“Hatred is not a creative force. Love alone creates. Suffering will not prevail … it only melts us down and strengthens us.” — Maximilian Kolbe (1894-1941)

Kolbe, a Polish priest, died in the place of another man in the German death camp of Auschwitz. Franciszek Gajowniczek was chosen for the starvation bunker. When he cried out, “My wife! My children!” Kolbe was moved with compassion. He volunteered to take his place. Kolbe survived the two-week sentence and was put to death by lethal injection.

The hatred others held stirred Kolbe’s soul. It opened his consciousness to the evil around him. The Christian faith he confessed produced a form of love so profound that it created life for another. This divinely inspired love became his courage and turned his attention to the liberating promise of God’s faithful presence. This deepened his compassion and became his strength. Even in chains, Kolbe was free.

Hatred has the power to stir our souls, whether it comes from others or from ourselves. But hatred cannot offer solutions. It can only construct hate-filled systems or embolden hate-formed impulses. Violence will breeds more violence. Division creates more division. Antagonism fuels more antagonism. Hatred cannot create life. Only love can do that.

Hatred will make promises. It will promise feelings of satisfaction once vengeance is served. It will promise that the weight will be lifted once it’s tossed onto another more deserving of the burden. But hatred always makes promises it can’t keep. Only love can do that.

But love must be more than mere sentimentality. It cannot be a love that does what is easy or convenient, but what is right even when it’s hard. It’s what the ancient Greeks called agape, an understanding of love grounded in a commitment to the goodwill of all and seeks nothing in return. From the Christian faith tradition, it understands love in this way: we love someone not because we like or approve of them, but because God loves them. As one follower of Jesus wrote, “We love because God first loved us.” This is the kind of love that is faithful, liberates, heals and creates.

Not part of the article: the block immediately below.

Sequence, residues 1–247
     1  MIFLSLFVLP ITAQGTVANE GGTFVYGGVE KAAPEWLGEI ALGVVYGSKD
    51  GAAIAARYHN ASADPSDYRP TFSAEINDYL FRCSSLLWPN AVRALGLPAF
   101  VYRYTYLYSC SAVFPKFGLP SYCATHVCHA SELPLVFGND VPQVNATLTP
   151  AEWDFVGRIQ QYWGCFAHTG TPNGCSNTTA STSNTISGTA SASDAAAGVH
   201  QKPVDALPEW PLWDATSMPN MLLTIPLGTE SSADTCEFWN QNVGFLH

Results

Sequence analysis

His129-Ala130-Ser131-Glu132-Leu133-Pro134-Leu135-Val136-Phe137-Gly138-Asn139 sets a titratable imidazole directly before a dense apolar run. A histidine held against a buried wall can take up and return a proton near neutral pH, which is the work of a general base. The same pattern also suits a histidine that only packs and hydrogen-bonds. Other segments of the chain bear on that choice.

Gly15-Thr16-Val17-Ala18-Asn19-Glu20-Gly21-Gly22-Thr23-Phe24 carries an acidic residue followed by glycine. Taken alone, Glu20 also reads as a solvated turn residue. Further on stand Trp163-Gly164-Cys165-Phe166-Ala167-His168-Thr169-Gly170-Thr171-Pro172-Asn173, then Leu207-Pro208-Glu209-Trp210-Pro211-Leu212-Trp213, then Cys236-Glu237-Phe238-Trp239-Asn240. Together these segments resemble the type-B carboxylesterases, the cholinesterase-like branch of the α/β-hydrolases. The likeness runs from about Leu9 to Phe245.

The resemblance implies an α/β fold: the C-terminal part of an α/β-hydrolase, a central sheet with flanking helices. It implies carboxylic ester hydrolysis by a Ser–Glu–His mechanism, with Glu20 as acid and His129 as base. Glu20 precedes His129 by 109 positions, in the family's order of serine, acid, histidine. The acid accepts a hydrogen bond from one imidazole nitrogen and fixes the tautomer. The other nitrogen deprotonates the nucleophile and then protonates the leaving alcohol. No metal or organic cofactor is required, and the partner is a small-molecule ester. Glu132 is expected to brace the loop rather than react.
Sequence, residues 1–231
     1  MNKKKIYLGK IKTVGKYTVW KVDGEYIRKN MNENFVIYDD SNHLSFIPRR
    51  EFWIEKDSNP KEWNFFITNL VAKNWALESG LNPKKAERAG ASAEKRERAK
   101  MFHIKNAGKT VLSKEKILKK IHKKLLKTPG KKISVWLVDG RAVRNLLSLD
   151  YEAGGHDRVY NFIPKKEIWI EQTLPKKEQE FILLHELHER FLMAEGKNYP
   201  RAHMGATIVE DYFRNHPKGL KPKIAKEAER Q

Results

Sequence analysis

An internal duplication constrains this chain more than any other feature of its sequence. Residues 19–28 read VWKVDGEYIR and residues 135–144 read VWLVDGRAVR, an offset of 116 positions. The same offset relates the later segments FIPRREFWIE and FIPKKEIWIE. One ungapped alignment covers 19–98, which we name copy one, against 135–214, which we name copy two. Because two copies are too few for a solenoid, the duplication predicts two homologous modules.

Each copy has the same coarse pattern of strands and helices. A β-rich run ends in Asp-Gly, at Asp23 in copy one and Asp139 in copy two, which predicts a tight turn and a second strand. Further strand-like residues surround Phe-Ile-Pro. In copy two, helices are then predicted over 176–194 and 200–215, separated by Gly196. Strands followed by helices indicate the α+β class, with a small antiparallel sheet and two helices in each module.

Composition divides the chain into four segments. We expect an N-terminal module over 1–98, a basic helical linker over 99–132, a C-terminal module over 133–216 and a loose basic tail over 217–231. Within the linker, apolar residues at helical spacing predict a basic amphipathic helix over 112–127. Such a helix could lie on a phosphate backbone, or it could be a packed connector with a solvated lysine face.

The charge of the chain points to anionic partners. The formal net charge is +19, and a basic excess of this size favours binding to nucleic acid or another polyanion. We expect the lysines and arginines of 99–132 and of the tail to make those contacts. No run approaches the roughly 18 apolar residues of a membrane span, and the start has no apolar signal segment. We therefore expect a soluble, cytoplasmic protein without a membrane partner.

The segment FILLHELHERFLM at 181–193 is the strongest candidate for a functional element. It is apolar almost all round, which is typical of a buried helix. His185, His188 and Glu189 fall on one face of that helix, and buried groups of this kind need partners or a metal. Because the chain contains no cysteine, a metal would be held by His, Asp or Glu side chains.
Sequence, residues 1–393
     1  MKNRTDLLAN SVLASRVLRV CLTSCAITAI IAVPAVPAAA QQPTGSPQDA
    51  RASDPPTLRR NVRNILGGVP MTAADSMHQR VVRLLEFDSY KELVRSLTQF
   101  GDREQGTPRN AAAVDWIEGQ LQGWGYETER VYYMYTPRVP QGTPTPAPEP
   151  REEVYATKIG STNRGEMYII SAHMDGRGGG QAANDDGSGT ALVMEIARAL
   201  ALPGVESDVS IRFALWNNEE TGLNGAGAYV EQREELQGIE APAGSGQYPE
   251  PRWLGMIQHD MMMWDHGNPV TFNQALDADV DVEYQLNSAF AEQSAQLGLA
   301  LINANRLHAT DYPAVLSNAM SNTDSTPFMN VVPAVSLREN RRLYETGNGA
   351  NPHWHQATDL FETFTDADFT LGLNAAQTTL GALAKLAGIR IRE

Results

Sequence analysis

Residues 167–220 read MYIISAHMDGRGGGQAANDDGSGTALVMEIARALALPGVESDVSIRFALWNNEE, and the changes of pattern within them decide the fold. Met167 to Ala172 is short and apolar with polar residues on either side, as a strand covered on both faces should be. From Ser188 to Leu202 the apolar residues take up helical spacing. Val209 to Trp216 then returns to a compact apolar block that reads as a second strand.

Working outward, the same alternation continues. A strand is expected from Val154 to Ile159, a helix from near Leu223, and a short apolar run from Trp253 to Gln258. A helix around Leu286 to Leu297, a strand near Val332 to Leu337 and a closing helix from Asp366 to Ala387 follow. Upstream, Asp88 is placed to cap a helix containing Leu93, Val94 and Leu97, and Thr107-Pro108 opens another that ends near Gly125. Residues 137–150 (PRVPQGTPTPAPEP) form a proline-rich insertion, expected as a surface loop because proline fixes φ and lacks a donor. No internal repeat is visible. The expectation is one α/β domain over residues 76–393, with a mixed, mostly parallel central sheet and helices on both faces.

Kolbe understood that to be loved by God is to be liberated, and this liberation becomes our transformation — transforming us into the kind of people capable of courage and compassion. It doesn’t have to be as audacious as what Kolbe ultimately displayed in this final act of love. If you were to look into his life you would find that this act of love was made possible by countless other acts of love. It’s as if each choice to love extended to others in the mundane ordinariness of everyday life built up a resilience — a strength to love. Life-giving, truth-telling, trauma-healing, justice-seeking movements arise out of the kind of love that seems the goodwill of all and nothing in return.

It’s this kind of love that moves a New York man to break into a school so he and 10 strangers, including seven elderly neighbors, stranded by a blizzard can find safety.

Or more locally, it’s this kind of love that compels over a dozen churches in the Historic Triangle to rally congregants to open buildings and shelter neighbors living through houselessness throughout the winter months in partnership with Community of Faith Mission.

It’s this kind of love that organizes opportunities for all neighbors to work toward racial healing and together “build a bigger table,” like the programs led by the Virginia Racial Healing Institute.

It’s this kind of love that faithfully honors and documents the oral histories of town mothers and fathers to be learned by future generations, like the Local Black Histories Project led by The Village Initiative.

I could go on. And that’s just it — I really could name many neighbors and organizations working for the good of our community because of agape love. They believe what Kolbe believed long before Auschwitz, that only agape love can liberate and overcome hatreds of all kinds, making this the kind of love that creates.

That day, Kolbe didn’t choose life or death. He chose agape love over fear and hatred.

Today, the choice is ours.

The Rev. Fred Liggin is one of the pastors at Williamsburg Christian Church andfounder & co-executive director of Faith Community Development & Training with 3e Restoration Inc.